Our Daily Sykes #45 – The Combine

While a combine reaps the wheat does the truck wait on the harvester or keep an eye out? Perhaps you, as I, find the simplicity of all this calming. There are seven parts. On top the sky and then descending, the cloud, the haze, the distant ridge, the combine, the truck and the golden wheat, and all of them given room - a peaceable kingdom. (For all but the gluten intolerant.)

Our Daily Sykes #43 – Another Roadside Attraction

We note that our correspondent Matt the Journeyman has remarked - with pebbles in his mouth - that it is a mild wonder that the desert monolith featured in Our Daily Sykes #38 has not been removed as a highway nuisance by some agency. In line with these concerns we bring up this bush of an extrusion and wonder if it's dark irregularity may not warrant some charge from the highway department's Design & Roadside Attractions Committee. We do not, however, know the state - in either case. Yet. (Is there any interest out there in an "Our Daily Victorian Lesson?" We are well stocked with them. Here's an example. From where? “In matters of grave importance style, not sincerity is the vital thing”)

Our Daily Sykes #42 – Swallow Rock, Clarkston on the Snake River

The surreal shape of Swallow Rock, looking north over the Snake River in the last miles before it joins the Clearwater River and takes a sharp turn to the west for its last mostly slackwater (there are three dams) progress onward to join the Columbia River. The big "C" written with white rocks on the hill beyond Swallow Rock is partnered with an outline of a "bantum" - the mascot of the Clarkston High School teams. (Click to Enlarge) It was the clue - for me - for figuring out the location for this scene. I then learned the name of Swallow Rock from the Lewiston Public Library which is on the right or east or Idaho side of Snake River.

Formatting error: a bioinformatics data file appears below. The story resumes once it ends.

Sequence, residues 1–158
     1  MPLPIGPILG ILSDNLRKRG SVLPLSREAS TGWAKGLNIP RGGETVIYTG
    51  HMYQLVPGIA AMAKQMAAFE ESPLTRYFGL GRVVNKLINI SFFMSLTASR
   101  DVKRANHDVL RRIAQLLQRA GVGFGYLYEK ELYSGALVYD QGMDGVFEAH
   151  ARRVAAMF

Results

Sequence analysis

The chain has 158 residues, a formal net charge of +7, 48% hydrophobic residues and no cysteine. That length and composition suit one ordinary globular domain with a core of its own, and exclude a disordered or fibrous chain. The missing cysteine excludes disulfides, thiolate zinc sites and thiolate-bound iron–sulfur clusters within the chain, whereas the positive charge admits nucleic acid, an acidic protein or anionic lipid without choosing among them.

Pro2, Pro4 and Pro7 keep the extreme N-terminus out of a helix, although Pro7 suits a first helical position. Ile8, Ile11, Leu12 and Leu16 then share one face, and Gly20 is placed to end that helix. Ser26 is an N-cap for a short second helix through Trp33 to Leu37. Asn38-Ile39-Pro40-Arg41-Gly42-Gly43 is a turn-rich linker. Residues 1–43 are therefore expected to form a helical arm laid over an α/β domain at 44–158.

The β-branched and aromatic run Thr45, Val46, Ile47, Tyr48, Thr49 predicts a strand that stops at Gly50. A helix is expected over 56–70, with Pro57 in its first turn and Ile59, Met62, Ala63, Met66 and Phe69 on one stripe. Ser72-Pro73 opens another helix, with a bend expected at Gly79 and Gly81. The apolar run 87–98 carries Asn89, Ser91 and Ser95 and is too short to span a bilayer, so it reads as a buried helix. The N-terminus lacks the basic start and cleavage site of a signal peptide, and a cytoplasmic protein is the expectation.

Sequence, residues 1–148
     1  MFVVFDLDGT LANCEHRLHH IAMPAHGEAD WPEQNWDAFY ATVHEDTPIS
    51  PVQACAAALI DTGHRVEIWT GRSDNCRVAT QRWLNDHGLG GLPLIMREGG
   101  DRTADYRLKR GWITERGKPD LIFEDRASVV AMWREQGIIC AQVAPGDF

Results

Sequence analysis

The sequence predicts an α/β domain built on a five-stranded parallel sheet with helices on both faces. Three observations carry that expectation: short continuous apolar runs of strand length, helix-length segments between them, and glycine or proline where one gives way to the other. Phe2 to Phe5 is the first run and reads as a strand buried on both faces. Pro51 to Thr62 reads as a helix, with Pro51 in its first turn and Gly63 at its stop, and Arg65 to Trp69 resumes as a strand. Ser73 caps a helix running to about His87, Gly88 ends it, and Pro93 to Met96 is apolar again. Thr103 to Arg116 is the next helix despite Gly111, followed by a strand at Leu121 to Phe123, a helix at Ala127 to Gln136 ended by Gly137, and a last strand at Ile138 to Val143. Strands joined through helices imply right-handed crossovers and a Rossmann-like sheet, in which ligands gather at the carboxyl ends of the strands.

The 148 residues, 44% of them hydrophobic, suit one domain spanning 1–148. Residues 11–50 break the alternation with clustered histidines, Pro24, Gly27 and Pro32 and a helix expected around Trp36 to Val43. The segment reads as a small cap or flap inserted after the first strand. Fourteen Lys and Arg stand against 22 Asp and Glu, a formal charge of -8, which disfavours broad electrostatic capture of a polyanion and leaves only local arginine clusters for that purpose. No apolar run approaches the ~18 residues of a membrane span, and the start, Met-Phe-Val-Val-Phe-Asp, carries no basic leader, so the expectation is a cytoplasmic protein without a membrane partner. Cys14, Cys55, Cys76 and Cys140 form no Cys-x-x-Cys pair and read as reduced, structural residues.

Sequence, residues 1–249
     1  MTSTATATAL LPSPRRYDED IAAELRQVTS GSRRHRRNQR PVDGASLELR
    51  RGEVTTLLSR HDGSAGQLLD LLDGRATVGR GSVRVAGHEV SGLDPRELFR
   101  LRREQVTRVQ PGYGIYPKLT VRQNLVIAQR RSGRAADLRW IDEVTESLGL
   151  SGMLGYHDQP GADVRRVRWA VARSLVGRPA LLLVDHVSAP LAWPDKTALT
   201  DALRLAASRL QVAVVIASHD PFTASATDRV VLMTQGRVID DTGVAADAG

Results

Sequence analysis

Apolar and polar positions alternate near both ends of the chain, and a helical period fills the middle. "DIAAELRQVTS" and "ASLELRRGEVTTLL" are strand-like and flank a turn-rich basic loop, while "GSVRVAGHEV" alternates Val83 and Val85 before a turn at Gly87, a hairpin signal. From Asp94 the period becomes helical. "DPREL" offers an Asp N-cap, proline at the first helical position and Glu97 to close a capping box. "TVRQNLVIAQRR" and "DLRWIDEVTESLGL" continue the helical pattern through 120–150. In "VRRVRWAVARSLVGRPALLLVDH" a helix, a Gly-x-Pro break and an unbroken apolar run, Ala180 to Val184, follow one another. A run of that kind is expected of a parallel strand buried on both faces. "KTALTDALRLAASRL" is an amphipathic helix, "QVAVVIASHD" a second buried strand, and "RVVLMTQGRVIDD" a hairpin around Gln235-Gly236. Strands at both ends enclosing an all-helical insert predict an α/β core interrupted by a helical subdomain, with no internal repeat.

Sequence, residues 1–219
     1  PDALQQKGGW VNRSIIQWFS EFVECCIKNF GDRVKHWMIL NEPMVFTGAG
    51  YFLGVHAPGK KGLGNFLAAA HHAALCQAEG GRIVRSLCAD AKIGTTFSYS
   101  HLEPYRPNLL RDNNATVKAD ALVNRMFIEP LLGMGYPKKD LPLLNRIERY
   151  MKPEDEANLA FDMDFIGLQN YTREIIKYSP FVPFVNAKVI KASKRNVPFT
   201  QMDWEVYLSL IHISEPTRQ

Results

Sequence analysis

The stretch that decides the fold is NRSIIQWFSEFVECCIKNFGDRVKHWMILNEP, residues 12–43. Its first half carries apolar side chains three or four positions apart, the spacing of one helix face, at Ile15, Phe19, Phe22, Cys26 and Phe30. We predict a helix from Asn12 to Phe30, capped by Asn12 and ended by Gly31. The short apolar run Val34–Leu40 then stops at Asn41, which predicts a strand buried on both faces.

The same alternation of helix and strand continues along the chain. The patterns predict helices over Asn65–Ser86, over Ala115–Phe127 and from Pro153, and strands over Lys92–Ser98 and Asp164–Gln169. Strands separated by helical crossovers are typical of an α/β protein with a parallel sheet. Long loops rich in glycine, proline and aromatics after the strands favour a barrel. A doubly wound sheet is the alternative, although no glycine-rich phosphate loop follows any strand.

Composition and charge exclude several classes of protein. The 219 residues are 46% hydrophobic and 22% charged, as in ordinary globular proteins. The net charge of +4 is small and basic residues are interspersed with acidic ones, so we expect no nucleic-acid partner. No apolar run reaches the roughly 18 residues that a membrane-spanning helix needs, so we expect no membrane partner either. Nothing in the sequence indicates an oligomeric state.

Swallow Rock again, looking north again over the curve in the Snake River. The hill beyond the rock is also famous for the highway that descended to Lewiston from the Palouse through what for the car sick - like my Aunt Annie - was a dizzying sequence of hairpin curves. (I think some have been eliminated with a brave new and more direct route.) Dear old Aunt Annie Crabby was my first connection with a victim of phobias, some of which I later learned to share with her.
Horace Sykes was surely engaged with Swallow Rock and this section of outflow from the Snake River's Hells Canyon shows the by now familiar shape of the Rock in a valley haze.
I am reminded now of Jean Sherrard's description of this landscape shared over his mobile phone when he was gathering "nows" for our book "Washington Then and Now." A few miles short of Clarkston and driving east along the Snake he described it as "wonderful - beautiful." Here's one more "capture" of Swallow Rock by Horace Sykes from sometime in the first years following the Second World War. The rock's eastern face is hidden from the sunset and we have electronically "pushed" some light on it. Note how a slice of the setting sun hits the tops of a small section of trees standing beside the river and below the rock.